7. At a gala fundraiser for the Baby2Baby charity, Jeff Bezos donated half a million dollars. Get a load of the ungracious reaction:"Everyone was waiting for him to donate something," an insider said of the world's second-richest man, "but he didn't. Then someone donated a million dollars. And then a little later, [Bezos] donated $500,000. There was an audible groan from the room." "If someone else can donate a million, Jeff Bezos can donate more than a million," they said. [bold added]Then "journalist" Oli Coleman piles on in the next paragraph:It may seem [Because it was. (!) -- ed] an ungracious reaction, considering he did drop half a million -- until you consider that Bezos is estimated to make around $142,667 per minute. So he in theory made more in the five minutes he spent pretending to eat the chicken than he donated the whole night.So? Jeff Bezos is wealthy because he improved the lives of millions by making it easy for us to buy things we need -- particularly during this pandemic, when many of us needed to stay put or were wrongly forced to do so. It boggles the mind that anyone could so easily forget this. In fact, I would go so far as to say that Bezos, simply by doing a heroic job of making things run so smoothly, has been alleviating the lot of many children and parents directly or indirectly already, to the point that he deserves to be honored by any number of similar charities. Ayn Rand made this clear in her 1965 essay, "What Is Capitalism?," when she discussed how much members of a society benefit from the work of those at the top of what she called the pyramid of ability:Image by Seattle City Council, via Wikimedia Commons, license.[T]the man who produces an idea in any field of rational endeavor -- the man who discovers new knowledge -- is the permanent benefactor of humanity .... It is only the value of an idea that can be shared with unlimited numbers of men, making all sharers richer at no one's sacrifice or loss, raising the productive capacity of whatever labor they perform .... In proportion to the mental energy he spent, the man who creates a new invention receives but a small percentage of his value in terms of material payment, no matter what fortune he makes, no matter what millions he earns. But the man who works as a janitor in the factory producing that invention, receives an enormous payment in proportion to the mental effort that his job requires of him. And the same is true of all men between, on all levels of ambition and ability. The man at the top of the intellectual pyramid contributes the most to all those below him; but gets nothing except his material payment, receiving no intellectual bonus from others to add to the value of his time. The man at the bottom who, left to himself, would starve in his hopeless ineptitude, contributes nothing to those above him, but receives the bonus of all of their brains. Such is the nature of the "competition" between the strong and the weak of the intellect. Such is the pattern of exploitation" for which you have damned the strong. [bold added]What would the author of that snitty piece -- or the ingrate "insider" -- or those groaning, envious mediocrities at the gala -- have done during the pandemic without Amazon? I don't know, but they owed Bezos gratitude to begin with and it is beyond disgraceful for them to complain about a gift he generously chose to give. If they won't say it, I will: Thank you, Mr. Bezos. -- CAVLink to Original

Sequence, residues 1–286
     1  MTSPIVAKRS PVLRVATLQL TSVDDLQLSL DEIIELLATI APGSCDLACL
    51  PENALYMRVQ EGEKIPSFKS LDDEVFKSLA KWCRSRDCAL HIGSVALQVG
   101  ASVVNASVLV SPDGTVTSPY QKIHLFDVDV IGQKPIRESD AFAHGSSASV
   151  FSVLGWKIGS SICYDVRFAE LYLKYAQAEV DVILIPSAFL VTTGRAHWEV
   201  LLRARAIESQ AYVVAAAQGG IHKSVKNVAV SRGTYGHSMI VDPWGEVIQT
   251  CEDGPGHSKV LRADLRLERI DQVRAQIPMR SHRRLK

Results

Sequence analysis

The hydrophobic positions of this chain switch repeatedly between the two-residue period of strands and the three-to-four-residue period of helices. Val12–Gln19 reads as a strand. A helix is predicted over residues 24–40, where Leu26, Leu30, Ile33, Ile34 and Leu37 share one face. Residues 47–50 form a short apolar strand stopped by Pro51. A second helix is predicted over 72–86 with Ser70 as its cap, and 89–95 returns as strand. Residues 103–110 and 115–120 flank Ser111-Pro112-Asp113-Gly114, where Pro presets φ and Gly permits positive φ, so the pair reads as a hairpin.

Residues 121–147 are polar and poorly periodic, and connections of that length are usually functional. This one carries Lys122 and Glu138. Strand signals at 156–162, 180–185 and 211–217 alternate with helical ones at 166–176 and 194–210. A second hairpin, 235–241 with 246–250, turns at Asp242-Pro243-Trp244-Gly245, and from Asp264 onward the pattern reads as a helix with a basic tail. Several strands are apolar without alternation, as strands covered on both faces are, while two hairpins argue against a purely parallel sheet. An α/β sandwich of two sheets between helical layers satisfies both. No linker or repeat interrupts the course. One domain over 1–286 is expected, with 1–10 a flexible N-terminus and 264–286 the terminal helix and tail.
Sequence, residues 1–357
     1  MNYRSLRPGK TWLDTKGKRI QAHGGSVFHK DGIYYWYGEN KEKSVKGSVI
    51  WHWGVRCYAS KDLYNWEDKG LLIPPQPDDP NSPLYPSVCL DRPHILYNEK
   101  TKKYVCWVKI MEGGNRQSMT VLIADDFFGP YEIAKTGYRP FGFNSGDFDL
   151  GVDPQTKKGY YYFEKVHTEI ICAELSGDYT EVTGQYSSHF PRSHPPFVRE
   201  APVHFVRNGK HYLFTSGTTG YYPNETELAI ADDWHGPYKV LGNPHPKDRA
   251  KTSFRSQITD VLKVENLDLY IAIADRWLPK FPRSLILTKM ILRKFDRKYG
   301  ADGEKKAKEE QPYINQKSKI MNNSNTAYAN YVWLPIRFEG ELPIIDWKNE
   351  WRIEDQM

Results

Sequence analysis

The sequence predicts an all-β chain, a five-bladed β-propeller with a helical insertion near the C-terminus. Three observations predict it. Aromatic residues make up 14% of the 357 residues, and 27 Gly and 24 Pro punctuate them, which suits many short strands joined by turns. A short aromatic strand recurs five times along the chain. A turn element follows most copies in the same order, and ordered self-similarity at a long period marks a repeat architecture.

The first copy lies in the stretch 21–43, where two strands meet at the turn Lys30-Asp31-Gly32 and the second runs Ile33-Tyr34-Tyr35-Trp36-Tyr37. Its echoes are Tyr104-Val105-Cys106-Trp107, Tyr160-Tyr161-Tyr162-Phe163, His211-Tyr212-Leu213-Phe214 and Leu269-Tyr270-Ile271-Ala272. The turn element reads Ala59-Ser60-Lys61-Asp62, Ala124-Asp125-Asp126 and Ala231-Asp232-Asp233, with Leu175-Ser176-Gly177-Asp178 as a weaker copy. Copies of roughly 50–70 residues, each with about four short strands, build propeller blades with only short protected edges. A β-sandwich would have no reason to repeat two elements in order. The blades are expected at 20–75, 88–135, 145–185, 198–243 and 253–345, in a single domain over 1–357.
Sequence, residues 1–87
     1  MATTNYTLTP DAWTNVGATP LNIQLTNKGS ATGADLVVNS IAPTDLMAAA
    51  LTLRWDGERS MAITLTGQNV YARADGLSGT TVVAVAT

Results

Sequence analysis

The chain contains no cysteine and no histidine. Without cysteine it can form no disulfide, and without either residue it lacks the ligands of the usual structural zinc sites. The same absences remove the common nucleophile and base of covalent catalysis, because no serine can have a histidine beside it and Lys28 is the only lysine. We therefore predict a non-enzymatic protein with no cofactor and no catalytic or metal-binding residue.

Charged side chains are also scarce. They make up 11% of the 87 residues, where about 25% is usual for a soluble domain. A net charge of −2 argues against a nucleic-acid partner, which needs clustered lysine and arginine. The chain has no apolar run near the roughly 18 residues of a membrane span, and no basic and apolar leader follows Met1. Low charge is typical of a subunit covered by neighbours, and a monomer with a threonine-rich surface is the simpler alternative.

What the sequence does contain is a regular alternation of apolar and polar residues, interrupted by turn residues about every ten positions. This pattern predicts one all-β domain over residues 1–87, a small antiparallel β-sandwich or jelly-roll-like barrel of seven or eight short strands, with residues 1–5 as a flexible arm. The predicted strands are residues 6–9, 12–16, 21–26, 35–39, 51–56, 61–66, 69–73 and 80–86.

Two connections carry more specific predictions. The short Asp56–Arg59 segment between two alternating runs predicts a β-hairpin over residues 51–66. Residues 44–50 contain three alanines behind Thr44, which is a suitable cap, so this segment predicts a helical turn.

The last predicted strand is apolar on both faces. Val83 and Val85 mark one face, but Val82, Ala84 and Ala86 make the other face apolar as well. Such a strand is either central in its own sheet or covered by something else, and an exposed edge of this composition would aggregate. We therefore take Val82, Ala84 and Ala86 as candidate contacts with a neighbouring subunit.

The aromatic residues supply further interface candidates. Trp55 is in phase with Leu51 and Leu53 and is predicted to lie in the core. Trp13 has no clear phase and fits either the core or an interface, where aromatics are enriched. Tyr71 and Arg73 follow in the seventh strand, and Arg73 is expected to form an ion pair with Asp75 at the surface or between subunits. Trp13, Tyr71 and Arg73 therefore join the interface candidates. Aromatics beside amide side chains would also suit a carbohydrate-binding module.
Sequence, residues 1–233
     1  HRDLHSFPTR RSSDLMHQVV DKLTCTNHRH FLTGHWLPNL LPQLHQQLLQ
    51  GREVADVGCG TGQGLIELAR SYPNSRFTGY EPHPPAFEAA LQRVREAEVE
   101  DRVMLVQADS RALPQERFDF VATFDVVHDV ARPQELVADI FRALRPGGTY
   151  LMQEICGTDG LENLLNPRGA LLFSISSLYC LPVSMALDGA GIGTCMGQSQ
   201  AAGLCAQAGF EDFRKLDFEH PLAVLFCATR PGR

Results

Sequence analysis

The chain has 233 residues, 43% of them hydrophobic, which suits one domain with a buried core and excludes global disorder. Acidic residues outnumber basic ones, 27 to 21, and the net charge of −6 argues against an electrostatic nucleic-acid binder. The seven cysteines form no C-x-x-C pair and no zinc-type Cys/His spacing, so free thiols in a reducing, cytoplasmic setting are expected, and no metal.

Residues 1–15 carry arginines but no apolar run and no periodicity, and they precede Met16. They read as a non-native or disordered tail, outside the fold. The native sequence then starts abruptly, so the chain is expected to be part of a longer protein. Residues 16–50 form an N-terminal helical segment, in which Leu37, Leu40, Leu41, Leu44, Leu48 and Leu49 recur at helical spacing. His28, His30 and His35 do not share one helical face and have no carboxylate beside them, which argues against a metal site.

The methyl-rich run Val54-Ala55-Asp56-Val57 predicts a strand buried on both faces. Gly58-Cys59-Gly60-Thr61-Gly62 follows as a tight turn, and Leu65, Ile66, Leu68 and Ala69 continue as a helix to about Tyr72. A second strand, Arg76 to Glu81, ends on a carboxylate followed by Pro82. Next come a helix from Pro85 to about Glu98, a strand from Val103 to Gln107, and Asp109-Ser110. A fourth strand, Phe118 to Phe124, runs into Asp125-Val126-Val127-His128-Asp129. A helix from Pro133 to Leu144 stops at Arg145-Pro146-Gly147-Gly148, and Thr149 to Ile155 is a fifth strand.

8. The New York Post, which mentions the work of Bjorn Lomborg, walks its readers through a half-century of apocalyptic climate warnings, many from from the U.N.. This is valuable -- up to a point -- and amusing -- also, up to a point: My favorite was the prediction that Britain would have a "Siberian" climate by 2020. That one was made in 2004. This author is reasonably sure, based on multiple data points (that happen to coincide with televised Arsenal matches) that that prediction was wrong. That said, the value of spreading raw data around and justifiably laughing at ridiculous predictions is quite limited. Consider the following paragraph, near the end of the piece:Image by Felix Mittermeier, via Unsplash, license.That gives us until 2030 -- or 58 years after the warnings of 1972. Advocates for change believe if they just scream louder, or write more like the Book of Revelations, they'll get the world to agree to a complete upheaval of modern life and trillions in spending. But after decades of alarmism, they sound like the boy who cried warming. People have tuned them out.People have tuned them out. What people? The climate protesters? The legions of voters who showed up last year to vote in the Democrats, who claim that fighting "climate change" is a major priority? Every Tom, Dick, and Harry whose bill at the pump has more than doubled over the past year? Some haven't and some have, and the problem is that the people whose faith in climate change is impervious to evidence are still fighting for their cause while the people who have tuned out fail to show up to stop them, and protect our way of life. And then there are the people whose lives are affected by the anti-energy agenda who basically mumble a complaint about prices, and then zone out again. If leftists don't know or care about the accuracy of their past predictions, too many of the rest show just as much indifference to the progress they keep making towards their goals, either by laughing it off or by going to sleep again whenever the momentary irritation caused by that agenda temporarily passes or becomes part of "normal" to them. Neither the dumb predictions, nor the scare tactics that go with them, nor the incremental progress towards the destruction of industrial civilization will end until outlets like the Post take a serious and penetrating look into the fact that such a movement can exist in the first place -- and begin to help offering a positive alternative to it that can inspire and motivate the young and the idealistic. The sins of the left in evading reality are all too clear in this piece, but the right is also guilty of ignoring reality -- that of the repeated partial successes by the doomsayers that are undermining our country, like restrictions on offshore drilling, fracking bans, and work stoppages on needed pipelines. If the left repeatedly tries to scare everyone into an orgy of self-sacrifice, the right is guilty of repeatedly failing to notice that the idea that self-sacrifice is moral is one that most people take seriously. It is what animates the alarmists, and it and must be opposed before it once again succeeds in precipitating a major regression in our civilization. -- CAVLink to Original